[ 178 Pa. Super. Page 520]
At the trial, appellant called G. Franklin Jones, one of the appellees, on cross-examination. He testified that he was the son of the mortgagors and the brother of the other appellees; that Mrs. Jones died in November, 1947, and her husband died three weeks later. He produced the pass book showing that the last payment was made on July 7, 1932. He further testified that, several months after his father's death and in his capacity as executor of his father's estate, he inquired of appellant what could be done to have the matter cleared up so that the mortgage could be satisfied. Subsequently, the witness directed his attorney to write a letter making an offer of compromise "without prejudice". Appellant did not testify concerning any conversations with John L. Jones. He did testify, however, as to circumstances surrounding the original inquiry of G. Franklin Jones; also that, a year or more after the attorney's letter, G. Franklin Jones again inquired what was being done about the mortgage. Appellant's position is that, under all the evidence, the lower Court "should have found that the presumption of payment was rebutted".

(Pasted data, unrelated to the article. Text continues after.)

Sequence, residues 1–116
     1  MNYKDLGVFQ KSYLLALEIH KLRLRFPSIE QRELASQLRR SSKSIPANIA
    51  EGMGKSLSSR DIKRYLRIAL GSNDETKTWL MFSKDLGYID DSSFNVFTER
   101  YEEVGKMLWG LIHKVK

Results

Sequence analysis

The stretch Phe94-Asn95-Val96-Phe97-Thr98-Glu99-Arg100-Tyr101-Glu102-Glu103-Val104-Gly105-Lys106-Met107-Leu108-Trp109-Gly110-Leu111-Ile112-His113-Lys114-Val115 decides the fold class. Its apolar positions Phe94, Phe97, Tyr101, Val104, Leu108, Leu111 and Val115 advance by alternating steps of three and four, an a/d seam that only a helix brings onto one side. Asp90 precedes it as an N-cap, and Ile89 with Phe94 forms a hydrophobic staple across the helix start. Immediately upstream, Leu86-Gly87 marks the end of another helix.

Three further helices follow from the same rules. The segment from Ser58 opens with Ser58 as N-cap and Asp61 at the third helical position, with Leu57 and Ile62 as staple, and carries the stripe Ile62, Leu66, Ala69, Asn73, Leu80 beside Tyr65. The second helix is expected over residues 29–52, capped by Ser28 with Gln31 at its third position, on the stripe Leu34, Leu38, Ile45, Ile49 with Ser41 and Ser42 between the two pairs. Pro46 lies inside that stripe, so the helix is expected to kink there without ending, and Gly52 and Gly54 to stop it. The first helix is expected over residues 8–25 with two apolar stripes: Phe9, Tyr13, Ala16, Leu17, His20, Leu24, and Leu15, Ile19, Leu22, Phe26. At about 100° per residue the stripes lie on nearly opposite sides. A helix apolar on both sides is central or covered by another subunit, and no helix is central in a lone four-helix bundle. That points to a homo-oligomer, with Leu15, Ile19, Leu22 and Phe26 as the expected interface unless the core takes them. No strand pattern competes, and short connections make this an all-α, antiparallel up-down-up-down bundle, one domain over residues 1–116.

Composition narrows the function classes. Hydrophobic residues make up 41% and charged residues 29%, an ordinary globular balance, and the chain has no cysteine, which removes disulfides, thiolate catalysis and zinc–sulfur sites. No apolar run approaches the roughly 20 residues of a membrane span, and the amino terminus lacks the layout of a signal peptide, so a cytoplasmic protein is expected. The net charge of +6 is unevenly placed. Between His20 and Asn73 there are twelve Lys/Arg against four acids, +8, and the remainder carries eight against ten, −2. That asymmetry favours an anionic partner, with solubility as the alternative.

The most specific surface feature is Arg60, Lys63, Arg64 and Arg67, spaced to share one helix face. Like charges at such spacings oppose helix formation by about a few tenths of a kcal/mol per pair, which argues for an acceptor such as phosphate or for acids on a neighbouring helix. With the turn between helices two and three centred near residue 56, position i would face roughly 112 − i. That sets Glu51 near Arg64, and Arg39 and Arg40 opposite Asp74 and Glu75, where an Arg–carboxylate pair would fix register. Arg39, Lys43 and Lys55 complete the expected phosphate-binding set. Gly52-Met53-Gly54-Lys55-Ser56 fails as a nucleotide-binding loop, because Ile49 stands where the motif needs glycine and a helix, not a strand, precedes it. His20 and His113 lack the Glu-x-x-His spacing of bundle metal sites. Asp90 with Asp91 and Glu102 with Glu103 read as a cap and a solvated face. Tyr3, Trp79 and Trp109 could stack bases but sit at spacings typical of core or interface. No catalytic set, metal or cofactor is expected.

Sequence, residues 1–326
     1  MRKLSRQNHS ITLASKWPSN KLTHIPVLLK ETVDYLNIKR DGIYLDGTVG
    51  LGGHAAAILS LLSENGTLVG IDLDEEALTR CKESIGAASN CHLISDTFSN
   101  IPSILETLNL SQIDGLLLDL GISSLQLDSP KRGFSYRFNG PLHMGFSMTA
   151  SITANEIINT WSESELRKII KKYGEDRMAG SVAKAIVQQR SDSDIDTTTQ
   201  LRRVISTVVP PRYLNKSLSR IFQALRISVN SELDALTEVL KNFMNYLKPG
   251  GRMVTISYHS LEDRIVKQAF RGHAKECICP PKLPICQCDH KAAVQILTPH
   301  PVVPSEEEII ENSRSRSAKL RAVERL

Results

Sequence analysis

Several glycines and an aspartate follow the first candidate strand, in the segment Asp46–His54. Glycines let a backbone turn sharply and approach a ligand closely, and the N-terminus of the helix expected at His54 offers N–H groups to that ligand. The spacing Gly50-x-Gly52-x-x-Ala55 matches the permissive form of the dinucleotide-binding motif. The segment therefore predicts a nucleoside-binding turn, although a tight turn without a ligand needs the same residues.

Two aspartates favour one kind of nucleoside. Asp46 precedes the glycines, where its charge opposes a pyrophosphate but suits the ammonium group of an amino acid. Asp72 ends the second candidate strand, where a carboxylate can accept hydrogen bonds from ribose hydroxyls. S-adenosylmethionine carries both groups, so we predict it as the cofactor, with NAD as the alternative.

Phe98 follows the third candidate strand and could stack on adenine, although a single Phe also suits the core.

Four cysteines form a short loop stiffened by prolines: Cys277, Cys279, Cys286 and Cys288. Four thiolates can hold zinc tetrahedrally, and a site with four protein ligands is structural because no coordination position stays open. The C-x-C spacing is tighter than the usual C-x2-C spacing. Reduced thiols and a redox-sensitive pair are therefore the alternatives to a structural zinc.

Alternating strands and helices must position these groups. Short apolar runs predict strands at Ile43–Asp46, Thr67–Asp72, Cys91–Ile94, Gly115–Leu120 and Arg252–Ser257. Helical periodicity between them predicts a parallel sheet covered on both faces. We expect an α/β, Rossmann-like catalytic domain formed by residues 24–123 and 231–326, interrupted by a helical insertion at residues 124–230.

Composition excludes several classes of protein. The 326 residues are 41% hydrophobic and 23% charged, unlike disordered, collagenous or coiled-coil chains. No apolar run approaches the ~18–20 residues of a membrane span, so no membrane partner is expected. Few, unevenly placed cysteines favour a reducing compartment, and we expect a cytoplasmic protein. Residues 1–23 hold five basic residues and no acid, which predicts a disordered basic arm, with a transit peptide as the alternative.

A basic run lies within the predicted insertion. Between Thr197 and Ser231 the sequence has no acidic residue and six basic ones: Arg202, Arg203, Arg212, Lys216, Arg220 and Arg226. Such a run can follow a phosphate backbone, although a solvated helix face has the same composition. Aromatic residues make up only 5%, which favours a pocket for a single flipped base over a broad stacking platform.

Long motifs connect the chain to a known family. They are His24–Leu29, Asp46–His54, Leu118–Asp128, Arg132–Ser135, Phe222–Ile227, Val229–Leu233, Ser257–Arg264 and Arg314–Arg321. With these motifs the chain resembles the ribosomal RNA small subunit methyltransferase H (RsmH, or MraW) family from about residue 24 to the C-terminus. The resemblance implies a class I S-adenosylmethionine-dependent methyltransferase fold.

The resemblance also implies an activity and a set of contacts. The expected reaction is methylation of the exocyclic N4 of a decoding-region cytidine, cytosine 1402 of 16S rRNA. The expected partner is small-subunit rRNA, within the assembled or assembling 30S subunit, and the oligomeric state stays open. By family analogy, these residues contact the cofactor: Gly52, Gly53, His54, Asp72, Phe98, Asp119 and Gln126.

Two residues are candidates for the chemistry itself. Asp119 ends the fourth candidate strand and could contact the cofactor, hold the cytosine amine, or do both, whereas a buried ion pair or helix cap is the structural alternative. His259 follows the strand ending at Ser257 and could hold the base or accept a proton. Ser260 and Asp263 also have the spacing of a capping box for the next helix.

As stated in Corn v. Wilson, 365 Pa. 355, 75 A.2d 530: "There is a long established presumption that a mortgage, as well as all evidences of debt excepted out of the Statute of Limitations, unclaimed and unrecognized for 20 years, has been paid... This presumption of payment after a lapse of 20 years is a strong one and is favored in law as tending to the repose of society, the protection of the debtor, and the discouragement of stale claims... The presumption of payment may be rebutted only by clear, satisfactory and convincing evidence beyond that furnished by the specialty itself, that the debt has not been paid, or by proof of circumstances tending to negative the likelihood of payment and sufficiently accounting for the delay of
[ 178 Pa. Super. Page 521]